"The emotional and moral complexity that [Jane Smiley] uncovers in the characters of these resonant novellas confirms [her] singular talent. ORDINARY LOVE & GOOD WILL is an extraordinary achievement."
THE WASHINGTON POST BOOK WORLD
At a reunion with her grown children, a woman recalls the long-ago affair that ended her relationship with their father--and changed all their lives irrevocably.
Despite the carefully self-sufficient life he has designed for his small family, a man discovers that even the right choices have unexpected consequences--sometimes heart-breaking ones.
From the Paperback edition.
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|Title of eBook: Ordinary Love and Good Will|
|Release Date: 01-05-2011|
|Allowed Countries (hover)|
|Publisher: Knopf Doubleday Publishing Group|
This eBook download is available in the following formats:
|Parent title||Ordinary Love and...|
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Ordinary Love and Good Will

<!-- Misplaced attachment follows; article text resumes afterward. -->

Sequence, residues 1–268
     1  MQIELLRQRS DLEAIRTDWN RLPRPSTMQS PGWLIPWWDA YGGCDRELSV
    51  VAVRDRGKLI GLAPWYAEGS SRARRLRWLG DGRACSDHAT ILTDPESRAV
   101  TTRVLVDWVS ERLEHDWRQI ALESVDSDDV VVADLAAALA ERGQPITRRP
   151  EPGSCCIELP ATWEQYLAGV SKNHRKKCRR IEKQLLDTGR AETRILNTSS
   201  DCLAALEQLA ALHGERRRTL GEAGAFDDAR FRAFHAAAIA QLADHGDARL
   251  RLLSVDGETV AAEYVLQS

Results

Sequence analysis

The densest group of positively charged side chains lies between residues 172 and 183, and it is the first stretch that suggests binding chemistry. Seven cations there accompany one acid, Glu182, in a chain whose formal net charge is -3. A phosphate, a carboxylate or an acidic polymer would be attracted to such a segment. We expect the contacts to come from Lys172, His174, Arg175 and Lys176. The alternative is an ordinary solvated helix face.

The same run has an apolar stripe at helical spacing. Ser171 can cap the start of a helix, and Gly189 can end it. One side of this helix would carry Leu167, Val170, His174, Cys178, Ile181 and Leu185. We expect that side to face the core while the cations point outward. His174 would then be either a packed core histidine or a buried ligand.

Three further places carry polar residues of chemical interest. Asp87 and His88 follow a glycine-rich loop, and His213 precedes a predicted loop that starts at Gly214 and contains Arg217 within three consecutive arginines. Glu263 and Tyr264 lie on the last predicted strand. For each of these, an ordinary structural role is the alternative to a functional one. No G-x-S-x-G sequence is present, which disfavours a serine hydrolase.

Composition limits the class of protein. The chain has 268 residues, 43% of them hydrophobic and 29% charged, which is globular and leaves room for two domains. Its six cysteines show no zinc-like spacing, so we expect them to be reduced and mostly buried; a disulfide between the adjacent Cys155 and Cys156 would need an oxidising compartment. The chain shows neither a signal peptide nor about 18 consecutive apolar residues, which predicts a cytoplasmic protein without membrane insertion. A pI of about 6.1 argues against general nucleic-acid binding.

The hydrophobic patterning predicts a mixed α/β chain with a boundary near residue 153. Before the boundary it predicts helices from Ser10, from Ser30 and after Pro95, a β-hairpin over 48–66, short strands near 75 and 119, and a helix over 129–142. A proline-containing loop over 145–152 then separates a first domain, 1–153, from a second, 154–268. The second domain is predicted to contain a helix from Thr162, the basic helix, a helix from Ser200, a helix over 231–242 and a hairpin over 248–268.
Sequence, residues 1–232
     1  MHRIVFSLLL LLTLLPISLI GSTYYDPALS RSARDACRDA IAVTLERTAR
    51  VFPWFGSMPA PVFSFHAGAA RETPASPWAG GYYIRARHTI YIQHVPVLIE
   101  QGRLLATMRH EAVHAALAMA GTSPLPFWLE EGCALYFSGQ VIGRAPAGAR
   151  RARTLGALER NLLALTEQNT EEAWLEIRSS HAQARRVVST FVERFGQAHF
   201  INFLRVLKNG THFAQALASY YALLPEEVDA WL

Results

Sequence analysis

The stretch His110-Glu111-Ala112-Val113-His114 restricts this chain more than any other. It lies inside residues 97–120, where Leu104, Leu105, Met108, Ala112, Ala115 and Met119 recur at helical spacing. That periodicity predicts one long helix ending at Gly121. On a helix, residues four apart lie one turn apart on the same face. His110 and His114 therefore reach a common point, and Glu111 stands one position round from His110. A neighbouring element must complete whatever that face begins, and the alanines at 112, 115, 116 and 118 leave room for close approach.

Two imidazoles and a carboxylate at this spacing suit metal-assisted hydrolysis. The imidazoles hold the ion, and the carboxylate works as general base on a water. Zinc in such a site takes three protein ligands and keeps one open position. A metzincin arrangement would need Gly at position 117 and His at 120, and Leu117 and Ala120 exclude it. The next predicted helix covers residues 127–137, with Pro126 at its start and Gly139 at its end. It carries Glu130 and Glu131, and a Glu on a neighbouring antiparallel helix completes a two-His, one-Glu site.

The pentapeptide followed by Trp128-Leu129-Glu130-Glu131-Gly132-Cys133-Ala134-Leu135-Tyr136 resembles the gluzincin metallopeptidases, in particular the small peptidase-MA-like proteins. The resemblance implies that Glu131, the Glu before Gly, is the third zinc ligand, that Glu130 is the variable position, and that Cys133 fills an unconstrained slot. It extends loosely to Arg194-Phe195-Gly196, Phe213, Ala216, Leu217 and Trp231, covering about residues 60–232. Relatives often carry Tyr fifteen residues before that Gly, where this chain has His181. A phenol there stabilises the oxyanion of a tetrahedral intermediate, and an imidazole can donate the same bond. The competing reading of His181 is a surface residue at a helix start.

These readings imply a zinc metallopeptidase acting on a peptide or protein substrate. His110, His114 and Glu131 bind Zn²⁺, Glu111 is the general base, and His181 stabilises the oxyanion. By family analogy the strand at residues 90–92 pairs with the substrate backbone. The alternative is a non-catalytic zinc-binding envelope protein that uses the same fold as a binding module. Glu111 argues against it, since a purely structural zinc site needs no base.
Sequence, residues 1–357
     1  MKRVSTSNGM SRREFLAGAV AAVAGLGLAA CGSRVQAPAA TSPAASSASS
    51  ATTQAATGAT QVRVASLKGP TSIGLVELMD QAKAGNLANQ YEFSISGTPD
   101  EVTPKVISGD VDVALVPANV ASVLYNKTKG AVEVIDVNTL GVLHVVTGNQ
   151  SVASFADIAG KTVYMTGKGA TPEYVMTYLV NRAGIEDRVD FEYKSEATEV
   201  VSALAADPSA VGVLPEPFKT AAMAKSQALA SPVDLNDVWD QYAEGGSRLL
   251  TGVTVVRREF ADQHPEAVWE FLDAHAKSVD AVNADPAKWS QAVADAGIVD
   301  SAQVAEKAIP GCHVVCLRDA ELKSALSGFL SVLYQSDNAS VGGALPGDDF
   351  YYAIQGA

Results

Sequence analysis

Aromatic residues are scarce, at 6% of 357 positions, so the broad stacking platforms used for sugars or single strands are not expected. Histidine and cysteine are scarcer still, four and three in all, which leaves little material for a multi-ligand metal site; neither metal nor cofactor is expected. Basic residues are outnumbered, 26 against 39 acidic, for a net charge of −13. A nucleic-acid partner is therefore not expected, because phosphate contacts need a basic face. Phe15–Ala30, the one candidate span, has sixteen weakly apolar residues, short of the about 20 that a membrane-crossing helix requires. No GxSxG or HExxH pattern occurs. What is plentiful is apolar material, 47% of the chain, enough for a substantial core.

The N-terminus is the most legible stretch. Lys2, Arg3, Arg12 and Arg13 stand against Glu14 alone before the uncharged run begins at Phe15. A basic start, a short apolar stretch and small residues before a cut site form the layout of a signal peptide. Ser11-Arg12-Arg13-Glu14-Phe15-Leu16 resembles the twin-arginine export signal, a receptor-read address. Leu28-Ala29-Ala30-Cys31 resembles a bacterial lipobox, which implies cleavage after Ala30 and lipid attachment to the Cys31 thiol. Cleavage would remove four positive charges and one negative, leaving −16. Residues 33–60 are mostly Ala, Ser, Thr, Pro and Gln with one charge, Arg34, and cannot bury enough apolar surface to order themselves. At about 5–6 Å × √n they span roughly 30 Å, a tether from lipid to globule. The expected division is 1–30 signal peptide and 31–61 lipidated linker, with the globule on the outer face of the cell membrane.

I sit back on my heels and say, "It's only six-thirty. What's with you?"
But I know. We both know. He crosses the kitchen and pours himself his first cup of coffee. He drinks them three at a time, I've noticed this summer, hot and with lots of milk and sugar. Now he turns away from the coffeemaker, and the cup is half empty before he sits at the table. He is grinning. Michael will be here today. Michael, Joe's identical twin, has been teaching mathematics in a secondary school in Benares, India for two years. That is why I am buffing the floor, why neither of us can relax.
The floor is pegged maple, about seventy-five years old. The boards vary in width from two inches to five, and are laid diagonally. In the last fifteen minutes, I have worked my way from the pantry to the back door, into a long bronze leaf of sunlight that colors my forearms and turns my hands muscular with shadows. I like this floor, troublesome as it is: caring for it, I remind myself of my mother, and this city, in spite of all its trees, seems rather like Nebraska, where I grew up. The long, rhythmic motions with the rag are soothing and productive at the same time.
Joe says, "I think I'll leave for the airport about nine." He is bouncing in his chair. I smile and say, "Why don't you leave now?"
"I'm relaxed, Mom. What makes you think I'm not relaxed?" His expression is almost maniacal. They are twenty-five, and they have not seen each other in two years. "You, woman, get up and have a cup of tea or someth...